A significant falloff in foot traffic beyond Waikiki’s hotels and main attractions has left the outlying Ewa end of one of the world’s top destinations with vast unoccupied spaces.
Waikiki’s main Kalakaua Avenue, the fifth most expensive retail market in North America, has more than 150,000 square feet of empty retail space between Lewers Street and Kuhio Avenue, according to real estate firm Colliers Monroe Friedlander Inc. That doesn’t include empty spaces with less than 1,000 square feet or the new Hard Rock Cafe building on Beachwalk Street, which is set to open later this year and has yet to fill all its retail space.
The most visibly desolate is the former Niketown complex—the four-story building officially called King Kalakaua Plaza—with 77,000 square feet of space which has been unoccupied for nearly a year. The building, which opened in 1998, used to house a Nike store, Banana Republic and the Official All Star Cafe.
"Basically what you have is a difficulty in these tenants surviving, being located on the outskirts of Waikiki," said Mike Hamasu, Colliers director of consulting and research.
During the boom years developers tried to capitalize on the pent-up demand for space in Waikiki and expand the retail core with the expectation that the national retail chains—such as Nike and Banana Republic—would be enough to entice tourists to walk several blocks away from their hotels.
"They tried and for a while it worked," said real estate analyst Stephany Sofos.
Then a confluence of trends emptied out the area, including:
» A drop in tourists.
» Lower spending among tourists.
» Increased competition from retailers outside of Waikiki.
» A change in shopping habits.
"Waikiki has been around for years, it’s convenient, people like it, but you’re seeing less people shopping there because of better opportunities for pricing outside," Sofos said. "They’re savvy and very discerning; they know what they want and are willing to go out and get it. It’s a new generation that’s willing to go off and be adventurous. Part of it is they’re looking for different experiences outside of Waikiki."
Visitor arrivals fell to 6.5 million last year from 6.8 million in 2008, while visitor expenditures dropped to $10.1 billion last year from $11.4 billion the year before, according to state data.
Tourists are often seen shopping at discount retailers outside Waikiki, such as Walmart and Ross Dress for Less on Keeaumoku Street.
The vacancies correspond to the drop in pedestrian traffic as you move farther from Waikiki’s core, defined by Colliers as Kalakaua Avenue between Lewers and Kaiulani streets.
Colliers, which tracks foot traffic, said there are an average of 24,000 shoppers per day on Kalakaua Avenue near the International Market Place and Royal Hawaiian Center. That number drops off to 5,500 near the fringes of Waikiki.
Monthly rents along Kalakaua range from as high as $25 per square foot near the center to $8 on the outskirts, according to Colliers. While $8 on Kalakaua might seem attractive, it is more than double what a business owner can get in a residential shopping area on Oahu, the company said.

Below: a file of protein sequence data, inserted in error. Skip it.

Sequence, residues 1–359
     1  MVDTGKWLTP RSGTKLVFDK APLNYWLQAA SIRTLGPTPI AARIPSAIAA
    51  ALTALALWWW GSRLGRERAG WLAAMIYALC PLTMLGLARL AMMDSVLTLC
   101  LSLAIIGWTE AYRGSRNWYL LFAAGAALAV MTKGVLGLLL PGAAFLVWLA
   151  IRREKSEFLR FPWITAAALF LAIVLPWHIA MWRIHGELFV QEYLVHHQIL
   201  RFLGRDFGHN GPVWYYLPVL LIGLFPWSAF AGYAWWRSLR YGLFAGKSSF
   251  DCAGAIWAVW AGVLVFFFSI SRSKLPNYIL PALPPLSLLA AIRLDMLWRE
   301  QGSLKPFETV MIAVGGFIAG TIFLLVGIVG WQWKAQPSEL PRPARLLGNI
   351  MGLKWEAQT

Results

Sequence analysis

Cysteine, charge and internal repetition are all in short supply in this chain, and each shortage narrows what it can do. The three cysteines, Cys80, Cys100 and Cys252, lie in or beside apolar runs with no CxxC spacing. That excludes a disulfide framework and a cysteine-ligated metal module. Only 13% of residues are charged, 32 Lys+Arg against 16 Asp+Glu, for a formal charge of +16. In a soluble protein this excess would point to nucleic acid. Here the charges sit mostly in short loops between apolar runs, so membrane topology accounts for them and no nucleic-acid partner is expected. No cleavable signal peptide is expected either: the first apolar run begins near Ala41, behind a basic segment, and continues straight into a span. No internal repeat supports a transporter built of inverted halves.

The relatively high rent and lower foot traffic in the remote areas of Waikiki restrict what type of businesses can succeed, said Kim Scoggins, Colliers vice president for leasing and sales, and co-division manager.
"It’s very limited in the uses you can put down there," said Scoggins. "That’s why you don’t see a lot of fast food. Fast-food operators can’t do enough business there."
In addition, some of the empty spaces, such as Niketown, are a size that only a major retailer could handle.
"These spaces are huge so you’ve got to find the right kind of tenant that can pay the rent for that kind of space," Hamasu said. "You’ve got to get yourself a retailer that can draw people from Waikiki to that location. It’s not going to be a small mom-and-pop that doesn’t have a big appeal."
What’s more, the Japanese market, which the Niketown complex and others were built to attract, has never fully recovered from what it used to be before the collapse of Japan’s bubble economy in the early 1990s, Sofos said.
Japanese arrivals peaked at 2.15 million in 1997. Last year 1.1 million visitors arrived from Japan.
Still, there are retailers seeking to enter the historically tight retail market, particularly since rents have fallen nearly 17 percent in the past year, according to Colliers.
"We see the economy slowly but steadily improving, and we are taking advantage of any opportunities we can find to extend market share at a time when many others are losing it," said Mitch McEwen, brand manager for Hawaiian Island Creations, which opened in May at Waikiki Beachwalk in the space formerly occupied by Burberry.
"We have a strong local customer base but have not been as prominent within the visitor market, so when the opportunity came up for us to have a high-profile Waikiki location, we jumped on it."
Teddy Bear World, a Korean company, is scheduled to open its first U.S. museum and gift shop in November at the former Planet Hollywood site on Kalakaua and Beachwalk. Teddy Bear World is banking on its unique concept to draw people to the location just outside Waikiki’s core retail area, said Billy Chang, director of marketing.
The company sees the slower economy as an opportunity to expand, Chang said. "We want to appeal to the masses," he said. "We’re unique in the sense that we’re theme-based and continually adjusting to the changing markets."
Besides HIC and Teddy Bear World Hawaii, other retailers slated to open in the near future in prime spaces on Kalakaua Avenue include Sephora, Forever 21 and Eggs ‘N Things.
"The bottom line is consumers are very fickle; they go through trends," Sofos said. "When your economy contracts, the first place to go is the secondary and ancillary areas. It’s just a cycle—it’s hard to bring it back because competition has gotten so stiff and rents are so much cheaper outside of Waikiki."